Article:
AFL mid-season review: winners and losers
Nick Duigan and Chris Judd head to the rooms (Photo: Darrian Traynor/AFL Media)
Trying to assess the AFL season this year is a tough ask. Upsets and blowouts seem to be the norm while the ladder is as close as it could be.
This review is looking at a handful of what I feel are the big winners and big losers in the first half of this long and close football season. Naturally, there are some straight forward winners and losers they do not need to be mentioned.
Well let’s start with the winners:
Greater Western Sydney: With one win (against the Suns) you may wonder what makes them worthy of being a winner. However, they defeated the second youngest team in the AFL, a scalp that is instrumental in the development of the club and the hunt for new members.
We have to think that not all members for these new clubs will come from their respective areas. The hunt for new members is tough for some very established clubs, for example North Melbourne who broke their membership record only this year.
So for GWS to beat Gold Coast is a huge plus in terms of membership and bragging rights as they trying to find their feet in the big league. This also boosts player development and media exposure.
Adelaide Crows: This one is pretty straight forward. The Crows finished 14th last season with just seven wins. This season after ten rounds they sit on eight wins and two losses including the scalps of Carlton, Geelong and Sydney, who are all 2011 finals contenders. Sanderson has revitalised the Crows young charges getting a more direct brand of football that is not only getting the points but also exciting the rabid Crows faithful. The resurgence of Taylor Walker and Sam Jacobs has been vital to their good form, along with arguably one of the best midfield line-ups currently going around.
Sydney Swans: As always the Swans have gone under the radar. As of the writing of this article Sydney are perched on the top of the AFL ladder. However, it will not take away from the brilliant work the Swans have done this year, once again going under the radar. They have produced eight impressive wins from eleven games, dropping just three. These wins include thumping Hawthorn down in Tasmania and Essendon in Melbourne. Their ability to win on the road and their ability to recycle and revitalise players has put them in a strong position this season. Shane Mumford is in great form in the ruck and Ted Richards down back is also in great touch along with Ben McGlynn and Josh Kennedy running amok in the middle.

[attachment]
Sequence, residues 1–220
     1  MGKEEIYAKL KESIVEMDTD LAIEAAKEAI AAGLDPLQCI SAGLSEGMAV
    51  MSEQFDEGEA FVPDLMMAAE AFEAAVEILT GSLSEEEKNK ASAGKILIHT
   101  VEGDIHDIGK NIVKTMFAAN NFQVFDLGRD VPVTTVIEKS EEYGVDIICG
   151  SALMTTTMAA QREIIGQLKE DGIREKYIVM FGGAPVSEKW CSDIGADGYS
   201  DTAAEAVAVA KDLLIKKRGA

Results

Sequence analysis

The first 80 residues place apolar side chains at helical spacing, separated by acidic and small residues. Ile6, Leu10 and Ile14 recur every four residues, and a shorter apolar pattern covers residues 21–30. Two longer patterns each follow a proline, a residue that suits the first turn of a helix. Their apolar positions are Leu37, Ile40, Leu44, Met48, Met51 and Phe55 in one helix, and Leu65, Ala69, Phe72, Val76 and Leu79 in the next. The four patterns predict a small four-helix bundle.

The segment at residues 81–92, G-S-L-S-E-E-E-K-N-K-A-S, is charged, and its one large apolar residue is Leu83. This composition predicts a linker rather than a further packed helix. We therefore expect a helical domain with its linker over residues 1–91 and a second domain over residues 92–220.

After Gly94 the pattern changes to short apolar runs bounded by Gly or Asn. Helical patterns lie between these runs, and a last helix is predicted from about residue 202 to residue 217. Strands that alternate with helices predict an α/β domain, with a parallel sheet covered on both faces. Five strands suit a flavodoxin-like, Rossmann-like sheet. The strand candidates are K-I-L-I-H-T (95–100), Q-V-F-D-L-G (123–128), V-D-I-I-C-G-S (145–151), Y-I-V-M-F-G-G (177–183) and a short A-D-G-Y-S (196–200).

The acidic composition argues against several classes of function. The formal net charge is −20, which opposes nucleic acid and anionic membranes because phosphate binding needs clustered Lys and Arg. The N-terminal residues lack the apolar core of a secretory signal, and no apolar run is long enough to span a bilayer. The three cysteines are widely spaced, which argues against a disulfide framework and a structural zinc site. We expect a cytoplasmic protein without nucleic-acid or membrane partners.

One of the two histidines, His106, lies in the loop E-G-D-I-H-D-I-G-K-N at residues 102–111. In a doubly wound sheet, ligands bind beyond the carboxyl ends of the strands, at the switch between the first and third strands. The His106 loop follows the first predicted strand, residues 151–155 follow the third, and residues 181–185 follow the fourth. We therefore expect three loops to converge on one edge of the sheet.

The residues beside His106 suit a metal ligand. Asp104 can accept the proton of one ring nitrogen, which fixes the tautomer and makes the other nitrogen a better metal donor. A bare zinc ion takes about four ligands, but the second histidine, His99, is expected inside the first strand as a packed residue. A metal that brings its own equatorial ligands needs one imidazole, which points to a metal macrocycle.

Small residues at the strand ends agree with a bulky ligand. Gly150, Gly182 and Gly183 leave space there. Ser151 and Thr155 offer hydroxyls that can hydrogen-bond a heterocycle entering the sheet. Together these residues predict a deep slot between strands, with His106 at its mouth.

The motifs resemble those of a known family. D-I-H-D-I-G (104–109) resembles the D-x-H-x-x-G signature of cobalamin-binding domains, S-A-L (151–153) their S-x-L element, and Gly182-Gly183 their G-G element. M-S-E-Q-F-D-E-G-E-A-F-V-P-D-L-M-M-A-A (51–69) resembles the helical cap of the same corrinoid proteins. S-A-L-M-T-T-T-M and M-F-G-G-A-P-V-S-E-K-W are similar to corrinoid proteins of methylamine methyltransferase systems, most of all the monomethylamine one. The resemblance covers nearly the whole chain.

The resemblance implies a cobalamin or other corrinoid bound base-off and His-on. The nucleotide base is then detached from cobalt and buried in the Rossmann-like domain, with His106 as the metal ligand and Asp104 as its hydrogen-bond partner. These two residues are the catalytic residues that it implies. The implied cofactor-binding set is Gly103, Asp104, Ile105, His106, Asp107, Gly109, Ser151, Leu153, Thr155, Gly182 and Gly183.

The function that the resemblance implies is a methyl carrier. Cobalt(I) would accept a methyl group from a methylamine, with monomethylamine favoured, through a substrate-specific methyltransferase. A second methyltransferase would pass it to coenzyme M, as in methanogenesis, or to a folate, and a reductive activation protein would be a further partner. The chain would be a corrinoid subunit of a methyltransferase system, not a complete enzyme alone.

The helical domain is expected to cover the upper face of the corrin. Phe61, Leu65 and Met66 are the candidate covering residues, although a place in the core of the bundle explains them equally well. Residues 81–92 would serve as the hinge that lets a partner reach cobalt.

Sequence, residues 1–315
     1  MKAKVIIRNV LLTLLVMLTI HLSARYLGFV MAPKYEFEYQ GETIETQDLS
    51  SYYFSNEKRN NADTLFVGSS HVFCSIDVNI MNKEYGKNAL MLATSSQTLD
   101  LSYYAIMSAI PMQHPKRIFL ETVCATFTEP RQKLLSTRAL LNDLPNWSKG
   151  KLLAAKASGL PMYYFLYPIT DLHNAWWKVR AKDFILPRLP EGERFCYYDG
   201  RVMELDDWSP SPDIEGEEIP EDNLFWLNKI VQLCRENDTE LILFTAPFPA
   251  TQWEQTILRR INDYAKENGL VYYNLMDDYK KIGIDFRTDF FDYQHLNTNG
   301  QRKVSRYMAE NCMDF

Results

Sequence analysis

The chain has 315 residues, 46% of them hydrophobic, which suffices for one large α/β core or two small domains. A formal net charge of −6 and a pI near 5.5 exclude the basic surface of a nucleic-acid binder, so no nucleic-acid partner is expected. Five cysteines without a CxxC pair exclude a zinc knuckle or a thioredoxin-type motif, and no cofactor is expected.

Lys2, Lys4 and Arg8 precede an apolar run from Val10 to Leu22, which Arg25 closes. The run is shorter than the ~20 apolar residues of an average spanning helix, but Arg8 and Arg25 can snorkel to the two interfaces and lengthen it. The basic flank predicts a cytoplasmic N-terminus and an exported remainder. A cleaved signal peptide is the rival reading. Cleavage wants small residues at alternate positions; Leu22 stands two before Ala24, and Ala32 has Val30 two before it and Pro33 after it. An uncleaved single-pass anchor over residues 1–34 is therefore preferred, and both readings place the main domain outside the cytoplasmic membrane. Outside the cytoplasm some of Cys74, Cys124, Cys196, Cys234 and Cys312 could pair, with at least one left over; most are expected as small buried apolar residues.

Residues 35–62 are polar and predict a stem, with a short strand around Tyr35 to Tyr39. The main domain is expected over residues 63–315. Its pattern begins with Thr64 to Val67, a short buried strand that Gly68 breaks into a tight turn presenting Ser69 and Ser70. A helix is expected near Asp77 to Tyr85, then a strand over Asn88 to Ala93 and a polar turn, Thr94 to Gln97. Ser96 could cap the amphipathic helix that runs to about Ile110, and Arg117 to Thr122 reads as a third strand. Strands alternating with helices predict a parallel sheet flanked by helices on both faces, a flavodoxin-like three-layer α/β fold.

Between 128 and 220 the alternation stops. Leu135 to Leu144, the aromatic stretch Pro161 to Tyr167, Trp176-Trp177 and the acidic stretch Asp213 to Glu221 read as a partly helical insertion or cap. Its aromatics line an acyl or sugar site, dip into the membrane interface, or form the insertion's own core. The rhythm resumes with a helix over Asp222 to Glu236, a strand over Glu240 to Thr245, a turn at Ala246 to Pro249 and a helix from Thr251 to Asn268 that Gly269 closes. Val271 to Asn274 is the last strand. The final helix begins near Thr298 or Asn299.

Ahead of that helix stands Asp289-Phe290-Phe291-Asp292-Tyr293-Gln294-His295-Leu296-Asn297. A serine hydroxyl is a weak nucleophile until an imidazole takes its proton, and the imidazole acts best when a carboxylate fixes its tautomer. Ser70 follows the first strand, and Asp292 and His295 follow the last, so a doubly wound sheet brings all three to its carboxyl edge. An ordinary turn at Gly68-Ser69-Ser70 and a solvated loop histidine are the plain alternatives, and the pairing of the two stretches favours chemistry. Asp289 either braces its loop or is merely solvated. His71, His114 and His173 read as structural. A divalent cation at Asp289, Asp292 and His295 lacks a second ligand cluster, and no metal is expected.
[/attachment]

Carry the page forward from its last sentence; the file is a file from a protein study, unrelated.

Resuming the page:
Richmond: No not because they have won a few games, this selection is for their off field achievement. As of last week they broke the 50,000 membership number. A great achievement for a club that has not played finals for years. This result is a combination of on-field success, exciting young players and strong marketing campaigns.
Time to nut out the losers sadly there are a few:
North Melbourne: So much potential for so little return. A year in which they have a membership record would be seen as a win. However, the on field performance of the Kangaroos culminating in their destruction at the boot of Buddy Franklin and the Hawks has left the Kangaroos floating in the realm of utter disaster. This seems a bit extreme? Let’s have a quick look at the stats.
As of the 29th of May, the Kangaroos had kicked more goals than any side in the competition averaging 16 a game. They also lead the league in inside 50s, with 59 a game. They rank second with marks inside 50. While these stats may have changed after the shemozzle that was the Buddy demolition, it clearly highlights the one directional game play that the Kangaroos are using this season. With stats like these you would expect them to be fitting comfortably in the top eight at the very least. Sadly they now sit 12th, three games out of the eight. With a ladder so tight it’ll be tough to battle back into the eight with their style of game play.
Gold Coast: Just not evolving well enough. Well the Suns of the Gold Coast sky are really struggling. They rarely show glimpses of hope or potential. Their game against Essendon in which they lost by only a few goals was a rare exception. Their loss to GWS was an upset and really has set them up to struggle for the remainder of the season. The Suns have looked smaller, slower and less experienced than GWS.
They are getting very little from their crop of the nation’s best young players. Experienced players are also underperforming, with the exception being Ablett who is becoming more of a hindrance than a bonus for the struggling team. Guy McKenna may have renewed his contract but he better find more of his young charges or they could be starring down back to back spoons.
Carlton: The bubble has burst, or to be more accurate, exploded. The Blues had a brilliant start to the season. Rattan came out and proudly announced that this season they would finally finish in the top four and get the most out of their star studded list. A few weeks on they now languish ninth on the ladder.
A team with a hand full of top draft picks and the amazing Judd should be able to maintain a top eight position. People say “No Judd, No Carlton”, but it looks now more like “No Murphy, No Carlton”. The other issue is the inability of Ratten to adapt in game day situations.
Carlton will be lucky to play week one of finals let alone finish in the top four. Dropping the games to Port Adelaide and St Kilda have really put the pump on the Blue boys.
What do you think, Roarers? Who are your winners and losers for season 2012?
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